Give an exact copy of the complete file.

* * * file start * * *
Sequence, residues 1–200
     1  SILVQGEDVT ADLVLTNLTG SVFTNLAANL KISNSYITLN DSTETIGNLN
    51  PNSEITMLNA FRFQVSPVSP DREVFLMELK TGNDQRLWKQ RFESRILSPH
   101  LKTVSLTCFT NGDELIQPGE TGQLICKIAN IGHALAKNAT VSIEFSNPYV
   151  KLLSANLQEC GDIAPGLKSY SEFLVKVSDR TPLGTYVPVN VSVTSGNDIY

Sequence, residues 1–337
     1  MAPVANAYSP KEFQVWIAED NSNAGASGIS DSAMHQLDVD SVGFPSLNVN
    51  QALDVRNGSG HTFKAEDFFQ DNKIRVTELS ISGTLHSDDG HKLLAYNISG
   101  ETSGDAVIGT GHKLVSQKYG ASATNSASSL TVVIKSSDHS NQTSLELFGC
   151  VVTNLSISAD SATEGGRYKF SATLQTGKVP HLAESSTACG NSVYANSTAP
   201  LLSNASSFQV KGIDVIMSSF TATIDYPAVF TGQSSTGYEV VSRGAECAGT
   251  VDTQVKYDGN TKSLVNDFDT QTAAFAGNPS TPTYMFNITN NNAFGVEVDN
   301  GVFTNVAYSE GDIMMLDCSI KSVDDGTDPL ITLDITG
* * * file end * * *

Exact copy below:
Sequence, residues 1–200
     1  SILVQGEDVT ADLVLTNLTG SVFTNLAANL KISNSYITLN DSTETIGNLN
    51  PNSEITMLNA FRFQVSPVSP DREVFLMELK TGNDQRLWKQ RFESRILSPH
   101  LKTVSLTCFT NGDELIQPGE TGQLICKIAN IGHALAKNAT VSIEFSNPYV
   151  KLLSANLQEC GDIAPGLKSY SEFLVKVSDR TPLGTYVPVN VSVTSGNDIY

Sequence, residues 1–337
     1  MAPVANAYSP KEFQVWIAED NSNAGASGIS DSAMHQLDVD SVGFPSLNVN
    51  QALDVRNGSG HTFKAEDFFQ DNKIRVTELS ISGTLHSDDG HKLLAYNISG
   101  ETSGDAVIGT GHKLVSQKYG ASATNSASSL TVVIKSSDHS NQTSLELFGC
   151  VVTNLSISAD SATEGGRYKF SATLQTGKVP HLAESSTACG NSVYANSTAP
   201  LLSNASSFQV KGIDVIMSSF TATIDYPAVF TGQSSTGYEV VSRGAECAGT
   251  VDTQVKYDGN TKSLVNDFDT QTAAFAGNPS TPTYMFNITN NNAFGVEVDN
   301  GVFTNVAYSE GDIMMLDCSI KSVDDGTDPL ITLDITG